Oral Answers to Questions — Prime Minister: Iranian Seizure of Royal Navy Personnel (28 Mar 2007)

John Maples: As our forces in the Gulf are operating under a United Nations Security Council resolution, Iran's action is a breach not only of international maritime law but of that resolution. I do not understand why the Government's first action was not to go straight back to the Security Council and secure a resolution ordering Iran to return our personnel whom it captured.

Bill Presented: House of Lords Reform (6 Mar 2007)

John Maples: I hope that the hon. Member for Sunderland, North (Bill Etherington) will forgive me if I do not go down the same route as him, as I do not agree with his point about 100 per cent. election. We could have an interesting debate about the future of the monarchy, but that would complicate the already extraordinarily complicated number of options before us. I agree, however, with the right hon....

Bill Presented: House of Lords Reform (6 Mar 2007)

John Maples: The second Chamber does not have any power. If it had power, of course it should be elected, but all that it can do at the moment is say to the Government, "Think again" and, in extremis—this power is very rarely exercised—make the Government introduce the legislation again in a different Session. I agree with the right hon. Member for Swansea, West that the second Chamber will accrue...

Bill Presented: House of Lords Reform (6 Mar 2007)

John Maples: I should like to complete my point. The second Chamber will accrue more powers and, at some point, it may challenge the Parliament Acts. Those Acts are not set in stone, and the statute could be changed. The trail of toxic waste may eventually lead to a change in the Parliament Acts. The democratic legitimacy argument is a double-edged sword, so people should be careful about using it. The...

Bill Presented: House of Lords Reform (6 Mar 2007)

John Maples: No, I should like to make progress. I have given way once, and I will probably not do so again. The proposal that the second Chamber should be is 20, 30, 60 or 80 per cent. elected is nonsense. Either it is elected, or it is not. I would prefer that it remained a 100 per cent. appointed Chamber, but if that is not possible, it should be 100 per cent. elected. We do not want two classes of...

Bill Presented: House of Lords Reform (6 Mar 2007)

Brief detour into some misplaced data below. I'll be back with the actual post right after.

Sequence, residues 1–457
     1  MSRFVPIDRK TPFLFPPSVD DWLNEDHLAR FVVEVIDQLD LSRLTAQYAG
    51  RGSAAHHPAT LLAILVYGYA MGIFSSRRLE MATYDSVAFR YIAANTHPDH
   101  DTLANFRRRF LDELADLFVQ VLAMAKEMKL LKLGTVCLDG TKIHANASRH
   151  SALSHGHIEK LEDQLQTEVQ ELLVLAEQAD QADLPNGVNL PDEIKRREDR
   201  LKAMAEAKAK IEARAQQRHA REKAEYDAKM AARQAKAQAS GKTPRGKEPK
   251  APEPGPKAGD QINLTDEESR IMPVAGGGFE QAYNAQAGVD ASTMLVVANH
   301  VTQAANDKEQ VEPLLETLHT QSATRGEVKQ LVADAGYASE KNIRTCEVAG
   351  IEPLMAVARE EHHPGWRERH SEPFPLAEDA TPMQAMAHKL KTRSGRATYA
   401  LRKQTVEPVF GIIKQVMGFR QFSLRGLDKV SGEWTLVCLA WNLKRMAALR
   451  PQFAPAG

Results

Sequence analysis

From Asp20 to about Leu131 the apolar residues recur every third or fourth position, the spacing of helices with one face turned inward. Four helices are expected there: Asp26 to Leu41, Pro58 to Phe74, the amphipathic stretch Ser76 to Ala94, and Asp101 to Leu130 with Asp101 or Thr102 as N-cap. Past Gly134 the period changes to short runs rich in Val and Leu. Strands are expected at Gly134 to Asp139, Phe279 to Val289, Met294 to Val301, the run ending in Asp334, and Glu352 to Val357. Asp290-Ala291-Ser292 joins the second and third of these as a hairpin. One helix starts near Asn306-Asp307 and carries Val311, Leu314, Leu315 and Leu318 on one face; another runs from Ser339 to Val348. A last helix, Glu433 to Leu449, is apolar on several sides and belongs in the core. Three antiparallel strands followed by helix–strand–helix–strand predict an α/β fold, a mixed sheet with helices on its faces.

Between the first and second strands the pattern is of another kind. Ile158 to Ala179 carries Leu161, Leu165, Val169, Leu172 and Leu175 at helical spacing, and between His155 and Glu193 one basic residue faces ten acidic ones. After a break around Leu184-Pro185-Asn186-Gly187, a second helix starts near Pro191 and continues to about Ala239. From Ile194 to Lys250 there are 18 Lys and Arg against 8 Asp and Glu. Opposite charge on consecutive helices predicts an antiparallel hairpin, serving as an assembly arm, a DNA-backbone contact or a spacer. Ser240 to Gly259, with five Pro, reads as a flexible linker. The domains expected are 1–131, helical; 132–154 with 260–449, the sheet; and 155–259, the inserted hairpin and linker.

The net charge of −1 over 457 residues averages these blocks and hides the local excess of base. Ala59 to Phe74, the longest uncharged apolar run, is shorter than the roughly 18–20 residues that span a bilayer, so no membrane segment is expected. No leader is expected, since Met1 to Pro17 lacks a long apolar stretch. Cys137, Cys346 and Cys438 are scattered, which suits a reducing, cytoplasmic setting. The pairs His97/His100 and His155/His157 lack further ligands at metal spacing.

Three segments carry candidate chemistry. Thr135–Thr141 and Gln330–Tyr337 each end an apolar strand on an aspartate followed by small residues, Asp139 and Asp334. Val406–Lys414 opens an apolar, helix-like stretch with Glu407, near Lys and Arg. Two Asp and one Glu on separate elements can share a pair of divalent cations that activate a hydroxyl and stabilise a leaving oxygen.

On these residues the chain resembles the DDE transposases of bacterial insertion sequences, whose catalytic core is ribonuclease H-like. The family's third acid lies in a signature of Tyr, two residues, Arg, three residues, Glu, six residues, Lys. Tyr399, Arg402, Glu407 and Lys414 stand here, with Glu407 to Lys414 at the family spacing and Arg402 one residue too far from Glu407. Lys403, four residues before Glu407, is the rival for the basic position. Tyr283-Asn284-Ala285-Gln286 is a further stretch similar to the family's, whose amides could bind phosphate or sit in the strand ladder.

John Maples: I was going to say that the sort of people who will run for election to the House of Lords, the Senate or whatever it is called will be people who cannot enter the Commons. I say this with modesty and as much graciousness as I can: the standards of intelligence, talent and ability needed to get into this House are not superhuman or of Olympian proportions. So if the other House consists of...

Oral Answers to Questions — Defence: Afghanistan (Force Levels) (26 Feb 2007)

John Maples: Is not one of our problems in Afghanistan the fact that we have conflicting objectives? We seek to support the Government and defeat the Taliban militarily on the one hand, but, on the other, we seek to destroy the poppy crop. May I suggest that we will never get the local political support that we need to defeat the Taliban while we continue to try to destroy what is virtually people's only...

Deferred Divisions: Legislative Process (1 Nov 2006)

John Maples: I think that those who discussed the sub judice question during the debate agreed that we would like to see how the system works from now on and whether it will be necessary to revisit it. Can the Leader of the House devise a way for him to be kept informed when questions or issues in Select Committees or elsewhere are ruled out of order as sub judice? Perhaps in a year's time we could look...

Business of the House: Legislative Process (1 Nov 2006)

John Maples: That is the most extraordinary speech that I have heard in the House. The hon. Member for Hendon (Mr. Dismore) protests far too much. What appears to be the wholesale abuse of the postage allowance by some Members is wrong. I have been here for some time, and my understanding—perhaps it is incorrect—has always been that we are not allowed to use the franked postage system to send out...

Business of the House: Legislative Process (1 Nov 2006)

John Maples: Well, the hon. Gentleman worked out that people who were spending £25,000 a year on postage were sending out 600 letters a day. I cannot believe that all those letters were individually signed, and if they were not, they were circulars. It is expenses more than anything else that brings us into public disrepute, which is a reason why the communications allowance should be stopped quickly....